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עמוד בית
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January 2016
Arie Y. Nemet MD, Leena Asalee MD, Yaron Lang MD, Daniel Briscoe MD and Ehud I. Assia MD

Background: One of the most alarming ocular injury trends in recent years has been the proliferation of paintball guns and the proportional increase in the number of ocular eye injuries caused by paintballs.

Objectives: To describe five cases of paintball eye injuries that resulted in loss of functional vision in four of them.

Methods: We conducted a retrospective interventional case series of the clinical course of five patients with paintball eye injuries treated in the ophthalmology departments of two medical centers. 

Results: Five young males were evaluated for paintball injuries caused by blunt trauma. There was one case of full-thickness laceration (globe rupture). Four patients required one to five surgical interventions: three of these involved the removal of traumatic cataract including two eyes with significant zonular dehiscence treated by lens capsule conservation using anchoring devices, one retinal surgery and two glaucoma filtration surgeries. However, final visual outcome was not favorable due to irreversible retinal damage.

Conclusions: Paintball trauma often results in significant ocular injury and loss of functional vision despite successful surgical interventions. Most injuries are easily preventable and occur in under-supervised settings. Improved safety measures, strict regulation enforcement and appropriate public education could prevent such serious damage.


December 2013
Michael Yulish, Noam Reshef, Aleks Lerner and Joseph Pikkel
 Background: Eye injuries are common in sports. Sports-related eye injuries have the potential for major morbidity.

Objectives: To investigate the occurrence and to classify sport-related eye trauma in northern Israel.

Methods: We analyzed the records of the ophthalmology emergency department for the years 2007–2011 and classified the admissions according to type, severity of injury and demographic data.

Results: In 2% of the patients the injuries occurred during a sport activity. Most of the injuries occurred during soccer, basketball or school sport activity (74%). The majority of patients were young males.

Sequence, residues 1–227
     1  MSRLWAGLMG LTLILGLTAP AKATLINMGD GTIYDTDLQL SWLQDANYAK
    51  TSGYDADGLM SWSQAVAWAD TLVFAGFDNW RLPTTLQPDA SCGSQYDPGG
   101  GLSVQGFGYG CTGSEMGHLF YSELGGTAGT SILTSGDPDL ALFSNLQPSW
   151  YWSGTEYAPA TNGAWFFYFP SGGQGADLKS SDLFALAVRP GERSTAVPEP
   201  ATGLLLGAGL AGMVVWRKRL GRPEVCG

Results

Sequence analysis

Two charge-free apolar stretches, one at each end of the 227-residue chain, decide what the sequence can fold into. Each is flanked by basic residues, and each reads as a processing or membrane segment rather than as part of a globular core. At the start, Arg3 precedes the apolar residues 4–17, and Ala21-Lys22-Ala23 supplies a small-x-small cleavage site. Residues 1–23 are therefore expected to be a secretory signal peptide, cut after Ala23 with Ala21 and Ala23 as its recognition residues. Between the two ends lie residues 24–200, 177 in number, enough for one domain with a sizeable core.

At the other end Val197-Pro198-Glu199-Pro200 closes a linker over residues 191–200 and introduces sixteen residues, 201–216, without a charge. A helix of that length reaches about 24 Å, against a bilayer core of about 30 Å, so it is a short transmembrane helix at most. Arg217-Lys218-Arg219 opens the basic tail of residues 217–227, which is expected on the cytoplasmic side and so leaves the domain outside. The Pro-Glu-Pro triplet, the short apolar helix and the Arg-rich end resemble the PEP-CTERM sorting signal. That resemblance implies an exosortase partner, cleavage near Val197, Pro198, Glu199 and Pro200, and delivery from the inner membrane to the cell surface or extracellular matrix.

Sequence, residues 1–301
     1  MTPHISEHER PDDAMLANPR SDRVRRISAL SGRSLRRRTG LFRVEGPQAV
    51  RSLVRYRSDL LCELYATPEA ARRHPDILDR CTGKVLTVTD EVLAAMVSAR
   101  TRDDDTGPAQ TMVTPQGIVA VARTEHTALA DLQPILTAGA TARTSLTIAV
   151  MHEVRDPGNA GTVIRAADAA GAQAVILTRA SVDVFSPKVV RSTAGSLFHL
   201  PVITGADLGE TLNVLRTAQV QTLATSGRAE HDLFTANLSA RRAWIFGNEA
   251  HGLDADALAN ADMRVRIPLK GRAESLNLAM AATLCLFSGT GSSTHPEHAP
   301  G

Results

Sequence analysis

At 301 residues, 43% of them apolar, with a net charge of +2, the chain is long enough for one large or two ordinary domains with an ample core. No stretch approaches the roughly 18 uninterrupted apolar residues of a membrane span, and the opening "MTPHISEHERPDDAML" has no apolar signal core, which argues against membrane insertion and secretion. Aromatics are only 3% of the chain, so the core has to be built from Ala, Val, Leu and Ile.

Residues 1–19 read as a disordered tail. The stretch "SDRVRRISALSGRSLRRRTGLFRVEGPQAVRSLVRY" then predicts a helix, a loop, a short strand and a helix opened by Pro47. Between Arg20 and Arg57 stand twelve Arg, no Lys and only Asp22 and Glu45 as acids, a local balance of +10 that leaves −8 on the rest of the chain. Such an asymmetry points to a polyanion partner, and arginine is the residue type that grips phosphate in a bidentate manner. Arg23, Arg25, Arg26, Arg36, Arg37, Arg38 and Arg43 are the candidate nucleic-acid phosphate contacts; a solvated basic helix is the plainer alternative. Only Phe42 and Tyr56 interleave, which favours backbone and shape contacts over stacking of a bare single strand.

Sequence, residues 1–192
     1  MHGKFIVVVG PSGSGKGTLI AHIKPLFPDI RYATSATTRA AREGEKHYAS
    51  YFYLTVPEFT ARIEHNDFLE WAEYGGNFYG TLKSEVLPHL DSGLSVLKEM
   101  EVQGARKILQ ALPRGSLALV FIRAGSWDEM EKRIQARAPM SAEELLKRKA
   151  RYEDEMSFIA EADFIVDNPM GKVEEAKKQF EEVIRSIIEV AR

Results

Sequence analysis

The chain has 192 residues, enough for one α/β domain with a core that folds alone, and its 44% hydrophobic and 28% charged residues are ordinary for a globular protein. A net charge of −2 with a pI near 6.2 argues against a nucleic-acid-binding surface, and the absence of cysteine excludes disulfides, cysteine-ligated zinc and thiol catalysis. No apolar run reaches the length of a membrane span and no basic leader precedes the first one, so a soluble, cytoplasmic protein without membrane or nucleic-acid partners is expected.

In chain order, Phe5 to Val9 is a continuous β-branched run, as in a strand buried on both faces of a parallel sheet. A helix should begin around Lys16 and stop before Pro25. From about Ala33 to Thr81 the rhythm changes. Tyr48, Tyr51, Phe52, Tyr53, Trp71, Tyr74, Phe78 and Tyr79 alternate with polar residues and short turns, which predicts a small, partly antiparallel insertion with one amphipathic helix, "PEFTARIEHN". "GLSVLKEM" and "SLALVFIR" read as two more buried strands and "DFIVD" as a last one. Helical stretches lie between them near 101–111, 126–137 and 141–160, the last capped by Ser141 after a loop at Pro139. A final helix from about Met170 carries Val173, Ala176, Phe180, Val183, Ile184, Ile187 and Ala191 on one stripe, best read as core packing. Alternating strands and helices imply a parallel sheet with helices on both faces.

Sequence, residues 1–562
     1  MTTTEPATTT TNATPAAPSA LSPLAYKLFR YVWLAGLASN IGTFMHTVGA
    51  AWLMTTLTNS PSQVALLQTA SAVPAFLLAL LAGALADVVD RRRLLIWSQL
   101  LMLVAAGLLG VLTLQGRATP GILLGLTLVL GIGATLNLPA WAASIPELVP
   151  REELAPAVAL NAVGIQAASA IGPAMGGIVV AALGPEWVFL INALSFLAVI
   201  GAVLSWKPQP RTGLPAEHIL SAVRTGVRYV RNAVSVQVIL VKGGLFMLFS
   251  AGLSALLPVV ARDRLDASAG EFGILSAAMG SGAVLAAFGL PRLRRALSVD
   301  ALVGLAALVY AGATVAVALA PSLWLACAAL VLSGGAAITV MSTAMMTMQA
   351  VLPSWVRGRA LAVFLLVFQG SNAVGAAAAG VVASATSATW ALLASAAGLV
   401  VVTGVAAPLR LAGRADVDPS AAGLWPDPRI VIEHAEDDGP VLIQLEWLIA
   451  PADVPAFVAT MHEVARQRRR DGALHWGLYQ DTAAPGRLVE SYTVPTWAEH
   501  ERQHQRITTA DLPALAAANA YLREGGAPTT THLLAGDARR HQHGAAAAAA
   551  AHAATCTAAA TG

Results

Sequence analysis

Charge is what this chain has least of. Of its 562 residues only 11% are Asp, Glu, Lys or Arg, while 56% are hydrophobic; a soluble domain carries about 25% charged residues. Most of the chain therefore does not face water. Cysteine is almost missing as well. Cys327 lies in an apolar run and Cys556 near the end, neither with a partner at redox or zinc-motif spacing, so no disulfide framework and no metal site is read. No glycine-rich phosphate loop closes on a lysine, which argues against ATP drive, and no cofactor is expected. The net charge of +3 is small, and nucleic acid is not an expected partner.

Conclusions: Most sports-related eye injuries can be prevented with adequate eye protection.

March 2013
B. Knyazer, N. Bilenko, J. Levy, T. Lifshitz, N. Belfair, I. Klemperer and R. Yagev
 Background: Open globe injury (OGI) is a common cause of unilateral visual loss in all age groups.

Objectives: To describe and identify clinical characteristics, prognostic factors and visual outcome in a group of patients with OGI in southern Israel.

Methods: We conducted a retrospective review of all cases of OGI examined in the ophthalmology department at Soroka University Medical Center, Beer Sheva, Israel, from 1996 to 2005. A total of 118 eyes with OGI were detected and analyzed statistically. We recorded demographic data, cause of injury, initial visual acuity (VA), associated globe morbidity and injuries, Ocular Trauma Score (OTS), surgical procedures, postoperative complications, and final VA.

Results: The mean age of the study group was 36.1 years and included 84% males. The median follow-up was 13.3 months (range 6–66 months). The annual incidence of open globe injuries was 3.1 cases/100,000. In 84 cases (71%) the mechanism of open eye injury was laceration. Most of the injuries were work related (45%). Bilateral injury was observed in two patients. An intraocular foreign body was observed in 45 eyes (38%). Primary surgical repair was performed in 114 eyes. Six patients (5.1%) had complications with post-traumatic endophthalmitis and 12 patients (10.1%) underwent evisceration or enucleation. Clinical signs associated with poor visual outcomes included reduced initial VA, eyelid injury, and retinal detachment at presentation.

Conclusions: In our study population the most important prognostic factors in open globe injury were initial VA, eyelid injury and retinal detachment.


January 2004
J. Pikkel, I. Beiran, A. Ophir and B. Miller
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